An embezzlement defense lawyer defends clients charged with taking something of value, usually money, from a person, a company, or the government and using it for personal gain. Embezzlement is a serious crime that can carry fines and time in jail. In California, Penal Code 503 PC defines embezzlement as fraudulently appropriating property entrusted to the defendant.
One example would be if a manager working at a retail store takes some cash at the end of the day and pockets it. Another example would be an investor who takes money from their clients, promising to invest it, but then uses it for personal reasons instead. Padding expense accounts, double dipping, using a company credit card for personal use, and taking cash from fundraisers could also qualify as embezzlement.
What Do Prosecutors Need to Prove?
Prosecutors need to prove four facts to get an embezzlement conviction. First, they need to show that the owner entrusted property to the defendant and did so because they put their trust in them. They also need to show that the defendant used the property for their benefit and that there was intent to deprive the owner of that property.
What Are Possible Defenses for Embezzlement?
A skilled criminal defense lawyer may use various legal defenses for their client. One of the most common is showing that there was no fraudulent use, which would indicate that the defendant did not take advantage of anyone and did not cause the person to lose property through a failure of duty or confidence.
Another defense in some cases would be proving that the defendant acted in good faith, believing they had a right to the money or the property. A jury or the judge will determine whether they had a reasonable, good-faith belief that the money was meant for them as determined by the facts presented in the case.
If the defendant did not intend to deprive the owner of their property, such as pulling a prank on a friend or manager, it could also work as a defense.
What Are the Penalties for Embezzlement?
The penalties for an embezzlement conviction can be quite severe. California classifies embezzlement as either petty or grand theft, depending on the value and type of the stolen property.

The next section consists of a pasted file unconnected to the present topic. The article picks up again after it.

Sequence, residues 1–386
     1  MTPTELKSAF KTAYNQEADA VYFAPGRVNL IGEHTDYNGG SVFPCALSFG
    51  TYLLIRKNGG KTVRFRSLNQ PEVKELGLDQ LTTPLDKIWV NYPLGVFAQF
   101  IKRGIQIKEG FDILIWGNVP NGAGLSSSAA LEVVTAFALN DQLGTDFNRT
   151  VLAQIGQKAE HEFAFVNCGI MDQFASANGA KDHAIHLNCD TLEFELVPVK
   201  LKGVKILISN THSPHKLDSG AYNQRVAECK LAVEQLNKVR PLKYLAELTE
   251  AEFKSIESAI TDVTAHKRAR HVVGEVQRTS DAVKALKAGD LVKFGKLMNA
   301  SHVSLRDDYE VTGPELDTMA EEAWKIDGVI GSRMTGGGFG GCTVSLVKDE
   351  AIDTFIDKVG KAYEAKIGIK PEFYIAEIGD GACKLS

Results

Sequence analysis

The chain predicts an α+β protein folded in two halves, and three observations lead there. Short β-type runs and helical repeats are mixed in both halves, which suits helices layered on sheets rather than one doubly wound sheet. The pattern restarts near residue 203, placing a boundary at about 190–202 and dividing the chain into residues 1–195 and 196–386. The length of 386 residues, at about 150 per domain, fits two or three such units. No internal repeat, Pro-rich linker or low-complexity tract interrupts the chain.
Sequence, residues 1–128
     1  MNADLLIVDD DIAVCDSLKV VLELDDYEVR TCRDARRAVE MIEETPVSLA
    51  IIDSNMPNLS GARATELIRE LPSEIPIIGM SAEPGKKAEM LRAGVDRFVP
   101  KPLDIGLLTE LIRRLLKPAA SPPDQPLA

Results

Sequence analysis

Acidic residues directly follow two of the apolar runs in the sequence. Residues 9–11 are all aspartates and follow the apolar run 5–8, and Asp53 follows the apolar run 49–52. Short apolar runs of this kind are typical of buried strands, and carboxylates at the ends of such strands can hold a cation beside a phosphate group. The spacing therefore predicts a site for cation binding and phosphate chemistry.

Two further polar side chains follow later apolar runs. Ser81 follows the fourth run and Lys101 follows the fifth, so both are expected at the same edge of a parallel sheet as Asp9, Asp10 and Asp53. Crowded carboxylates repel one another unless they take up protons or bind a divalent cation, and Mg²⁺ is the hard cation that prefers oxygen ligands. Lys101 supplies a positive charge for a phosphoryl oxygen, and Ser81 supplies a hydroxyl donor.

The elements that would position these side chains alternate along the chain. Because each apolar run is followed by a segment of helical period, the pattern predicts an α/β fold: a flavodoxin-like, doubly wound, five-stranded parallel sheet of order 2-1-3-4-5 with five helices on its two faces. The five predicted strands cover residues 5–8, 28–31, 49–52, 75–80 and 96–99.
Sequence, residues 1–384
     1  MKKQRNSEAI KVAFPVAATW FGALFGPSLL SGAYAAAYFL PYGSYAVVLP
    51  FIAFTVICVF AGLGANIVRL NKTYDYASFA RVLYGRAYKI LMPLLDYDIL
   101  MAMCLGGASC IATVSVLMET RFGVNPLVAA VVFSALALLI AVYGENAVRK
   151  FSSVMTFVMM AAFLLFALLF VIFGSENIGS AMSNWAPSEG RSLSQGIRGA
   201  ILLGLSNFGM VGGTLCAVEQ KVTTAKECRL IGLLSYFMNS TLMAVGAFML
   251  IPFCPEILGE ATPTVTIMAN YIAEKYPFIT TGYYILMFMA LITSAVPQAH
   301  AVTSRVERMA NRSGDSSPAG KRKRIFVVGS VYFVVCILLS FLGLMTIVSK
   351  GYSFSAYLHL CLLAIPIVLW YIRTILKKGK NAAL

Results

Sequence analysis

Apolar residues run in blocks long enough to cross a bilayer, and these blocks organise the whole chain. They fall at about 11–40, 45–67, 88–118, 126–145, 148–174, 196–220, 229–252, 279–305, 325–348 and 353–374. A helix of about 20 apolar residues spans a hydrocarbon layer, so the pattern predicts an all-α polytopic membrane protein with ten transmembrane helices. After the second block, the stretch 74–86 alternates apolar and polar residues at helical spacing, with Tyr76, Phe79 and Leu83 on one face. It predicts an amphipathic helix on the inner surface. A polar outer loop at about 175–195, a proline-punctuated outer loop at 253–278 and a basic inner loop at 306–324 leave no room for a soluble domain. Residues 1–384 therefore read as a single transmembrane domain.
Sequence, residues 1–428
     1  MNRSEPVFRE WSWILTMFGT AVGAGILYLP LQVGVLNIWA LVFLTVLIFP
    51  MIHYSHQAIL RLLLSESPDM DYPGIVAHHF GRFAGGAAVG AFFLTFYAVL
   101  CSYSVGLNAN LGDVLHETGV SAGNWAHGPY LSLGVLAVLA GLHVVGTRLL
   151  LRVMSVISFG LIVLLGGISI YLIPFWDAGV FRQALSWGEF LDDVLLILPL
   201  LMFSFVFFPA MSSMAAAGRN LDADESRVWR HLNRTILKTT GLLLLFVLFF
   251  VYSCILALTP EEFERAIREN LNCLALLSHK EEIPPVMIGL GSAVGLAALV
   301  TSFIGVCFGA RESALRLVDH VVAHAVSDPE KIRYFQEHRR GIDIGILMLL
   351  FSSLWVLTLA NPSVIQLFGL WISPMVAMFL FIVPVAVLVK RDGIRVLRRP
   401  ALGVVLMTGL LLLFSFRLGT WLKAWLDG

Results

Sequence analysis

When a defendant faces petty theft charges ( Penal Code 488 PC), the property's value is $950 or less. Petty theft is considered a misdemeanor. If convicted, they could serve six months or less in county jail.
Grand theft (Penal Code 487 PC) is the charge for any property worth more than $950. It also includes certain types of property—vehicles or firearms. Embezzlement typically involves money rather than these other types of properties.
These grand theft cases are considered wobblers, meaning they could be either a misdemeanor or a felony. If this offense is considered a misdemeanor, the punishment would be jail time of up to one year. For more severe cases, it will be treated as a felony, which could get someone up to three years in jail.
It is also essential to remember that this could affect a person’s immigration status. In the United States, some convictions, including felony grand theft embezzlement with facts indicating that it is an aggravated felony, can result in deportation.
Expungement may be possible in some instances. If the person completes their probation or jail term, they could request that the Stae remove the conviction from their record.
Get in Touch with a Qualified Embezzlement Attorney
Have you been accused and charged with embezzlement? It's a scary situation you don't want to try to handle on your own. While the punishments are potentially severe, an expert embezzlement defense lawyer could increase the odds of a positive outcome, such as a reduced sentence or dismissal.
Get professional representation. Gasner Law is ready to help. Contact us by calling 415-782-6000 today.